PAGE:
Mark Schnitzer, associate professor of biological sciences and of applied physics at Stanford, will deliver the Feb. 13 SLAC Colloquium, “Of Mice, Men, and Microscopes: Watching Brain Dynamics at the Cellular Scale in Behaving Subjects.”  His talk, which is open to the public and intended for a general audience, begins Monday at 4:15 pm in […]

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SLAC Colloquium focuses on brain neurons on Feb. 13

by Linda Hubbard Gulker on February 11, 2012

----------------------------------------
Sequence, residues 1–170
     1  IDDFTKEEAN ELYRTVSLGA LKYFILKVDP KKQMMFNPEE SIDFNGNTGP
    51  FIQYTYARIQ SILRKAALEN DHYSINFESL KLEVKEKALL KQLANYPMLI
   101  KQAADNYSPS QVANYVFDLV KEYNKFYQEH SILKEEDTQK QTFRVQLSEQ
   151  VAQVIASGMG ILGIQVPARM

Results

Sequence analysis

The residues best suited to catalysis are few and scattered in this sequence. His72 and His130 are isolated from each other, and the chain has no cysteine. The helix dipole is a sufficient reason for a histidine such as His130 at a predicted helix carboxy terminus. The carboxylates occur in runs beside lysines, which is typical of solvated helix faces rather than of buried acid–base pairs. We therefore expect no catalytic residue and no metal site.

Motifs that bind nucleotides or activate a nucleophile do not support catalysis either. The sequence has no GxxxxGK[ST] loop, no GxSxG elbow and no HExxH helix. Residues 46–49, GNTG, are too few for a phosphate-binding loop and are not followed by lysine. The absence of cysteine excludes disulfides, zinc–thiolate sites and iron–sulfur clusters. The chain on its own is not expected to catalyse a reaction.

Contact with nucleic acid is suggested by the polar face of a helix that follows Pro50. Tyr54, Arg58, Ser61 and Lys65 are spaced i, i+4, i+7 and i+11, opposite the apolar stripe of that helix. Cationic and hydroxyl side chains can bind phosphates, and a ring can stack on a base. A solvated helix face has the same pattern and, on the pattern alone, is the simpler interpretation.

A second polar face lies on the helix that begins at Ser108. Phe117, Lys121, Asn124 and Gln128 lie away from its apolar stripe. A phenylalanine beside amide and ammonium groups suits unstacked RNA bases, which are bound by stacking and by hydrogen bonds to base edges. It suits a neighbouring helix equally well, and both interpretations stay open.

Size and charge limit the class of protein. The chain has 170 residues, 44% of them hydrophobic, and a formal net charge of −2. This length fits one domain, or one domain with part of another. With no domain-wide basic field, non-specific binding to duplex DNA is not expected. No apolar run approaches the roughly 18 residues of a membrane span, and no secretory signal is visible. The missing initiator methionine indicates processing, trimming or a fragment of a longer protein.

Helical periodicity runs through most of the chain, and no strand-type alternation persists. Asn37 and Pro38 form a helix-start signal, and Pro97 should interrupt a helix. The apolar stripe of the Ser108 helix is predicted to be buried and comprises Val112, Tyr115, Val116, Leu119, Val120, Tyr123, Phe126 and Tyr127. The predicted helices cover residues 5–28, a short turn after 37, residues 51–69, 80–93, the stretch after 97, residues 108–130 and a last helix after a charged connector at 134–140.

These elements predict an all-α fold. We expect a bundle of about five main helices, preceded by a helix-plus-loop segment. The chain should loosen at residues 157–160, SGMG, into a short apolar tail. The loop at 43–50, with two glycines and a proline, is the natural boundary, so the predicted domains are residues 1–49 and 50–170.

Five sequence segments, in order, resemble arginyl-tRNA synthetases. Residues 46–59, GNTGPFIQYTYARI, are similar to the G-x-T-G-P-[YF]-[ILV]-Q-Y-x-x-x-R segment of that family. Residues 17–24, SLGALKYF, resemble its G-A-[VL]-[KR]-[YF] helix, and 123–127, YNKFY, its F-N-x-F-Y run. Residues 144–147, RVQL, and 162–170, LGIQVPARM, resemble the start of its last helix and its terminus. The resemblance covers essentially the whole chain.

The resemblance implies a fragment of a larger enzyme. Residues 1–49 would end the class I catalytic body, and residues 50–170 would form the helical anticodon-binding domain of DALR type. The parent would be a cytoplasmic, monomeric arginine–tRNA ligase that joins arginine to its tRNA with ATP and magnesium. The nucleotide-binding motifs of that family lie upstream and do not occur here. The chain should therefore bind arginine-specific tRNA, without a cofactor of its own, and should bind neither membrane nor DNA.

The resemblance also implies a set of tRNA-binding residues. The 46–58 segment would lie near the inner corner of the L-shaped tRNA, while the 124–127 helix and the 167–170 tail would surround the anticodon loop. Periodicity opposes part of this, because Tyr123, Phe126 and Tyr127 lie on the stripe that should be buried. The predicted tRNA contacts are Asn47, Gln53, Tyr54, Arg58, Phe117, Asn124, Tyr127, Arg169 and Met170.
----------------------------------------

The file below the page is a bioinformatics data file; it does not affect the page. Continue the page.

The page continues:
Mark Schnitzer, associate professor of biological sciences and of applied physics at Stanford Mark Schnitzer, associate professor of biological sciences and of applied physics at Stanford, will deliver the Feb. 13 SLAC Colloquium, "Of Mice, Men, and Microscopes: Watching Brain Dynamics at the Cellular Scale in Behaving Subjects.”  His talk, which is open to the public and intended for a general audience, begins Monday at 4:15 pm in Panofsky Auditorium, with refreshments served beforehand at 3:45 pm. A longstanding challenge in brain science is to understand how populations of individual neurons and glia contribute to animal behavior and brain disease. Until now, addressing this challenge has been difficult. Researchers don’t have the imaging technology they need in order to visualize cellular properties in animals that are awake and active over long time periods. Schnitzer will describe one- and two-photon optical approaches to studying cellular dynamics in the brains of actively behaving mice. Using these approaches, his lab has probed neural coding schemes involved in motor control and spatial navigation. The lab has also applied minimally invasive optical imaging techniques in human volunteers for studies of motor control at the cellular scale. An associate professor with joint appointments in the Departments of Biological Sciences and of Applied Physics at Stanford, Schnitzer is also on faculty at the university's School of Medicine, as well as the Stanford Neuroscience Institute. He has longstanding interests in neural circuit dynamics and optical imaging.

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